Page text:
How IRBs can improve investigators' opinion

IRBs should strive toward transparency

IRBs often err too much on the side of caution, creating a situation in which investigators do not trust their judgment and doubt their fairness, an expert says.

There are a number of ways an IRB can improve the review process, making it appear more equitable and reasonable to principal investigators, says Gerald Koocher, PhD, dean of the school of health studies and professor of psychology at Simmons College in Boston. Here are Koocher's suggestions:

1. Demonstrate consistency. "One thing IRBs could do is publish statistics every once and a while of how long the average protocol took to be reviewed and how many corrections were required," Koocher says.

Other statistics that would be helpful are:

— What percentage of protocols was declined?

— What were the most common mistakes needing corrections?

"Simple descriptive statistics in a report that principal investigators and others could read might be one example to attest to fairness," Koocher says.

2. Invite investigators to IRB meetings. "At one institution I was at, the IRB never invited investigators to be present," Koocher recalls. "At another IRB, investigators were asked to be available on call during the IRB meeting so if the IRB had questions, they could be invited in to answer them, and you can guess which IRB was seen as fair."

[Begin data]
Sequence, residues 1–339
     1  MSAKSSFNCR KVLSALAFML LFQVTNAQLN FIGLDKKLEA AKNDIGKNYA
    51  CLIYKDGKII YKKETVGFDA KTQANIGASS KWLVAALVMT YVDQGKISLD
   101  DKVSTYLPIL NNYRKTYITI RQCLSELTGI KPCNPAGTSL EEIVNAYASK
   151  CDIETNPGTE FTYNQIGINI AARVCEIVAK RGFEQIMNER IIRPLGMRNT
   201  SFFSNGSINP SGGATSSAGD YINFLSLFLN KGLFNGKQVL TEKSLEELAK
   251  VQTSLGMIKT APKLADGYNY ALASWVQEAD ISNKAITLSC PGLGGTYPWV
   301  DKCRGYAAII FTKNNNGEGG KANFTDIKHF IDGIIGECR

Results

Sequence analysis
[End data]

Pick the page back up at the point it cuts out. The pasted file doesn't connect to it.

IRBs need to have a degree of transparency and to project a sense that all protocols are treated the same, whether they come from a chair of the department or a junior investigator, Koocher suggests.

3. Have a mechanism for corrections. It doesn't have to be an appeals process, but there should be some mechanism in which investigators can have the IRB's decision reviewed or reconsidered, Koocher says. This could be an informal challenge of the IRB's discussion about what are viewed as necessary changes to a protocol or consent form, Koocher says.

For example, Koocher once had a federal grant to create an intervention with families who had lost a child. The intervention would provide preventive psychotherapy to 120 families over a four-year period. When Koocher submitted the consent form, someone on the IRB sent a message back that it needed to be revised to tell participants about how investigators would be required to report any knowledge of child abuse according to the state's mandatory child abuse reporting laws.

"I challenged that," Koocher says. "If you have a family that has lost a child and has surviving children and you tell them that if they tell you they're abusing the surviving children that you'll call social services, then that's not helpful to them."

The statement itself could harm the participants, he adds. "I looked up statistics and saw that the probability of having a family that abuses children come into the study was less than one in 1,000, so with 120 families we wouldn't even expect it," Koocher says. "And if we did see child abuse, we'd stop the study and say that anything we saw would result in a report."

Finally, Koocher asked the IRB to consider whether every other study involving families that had been reviewed, including medical studies, was required to put in the child abuse reporting disclaimer.

"If they're asking me to do something risky, why aren't they asking everyone?" he says.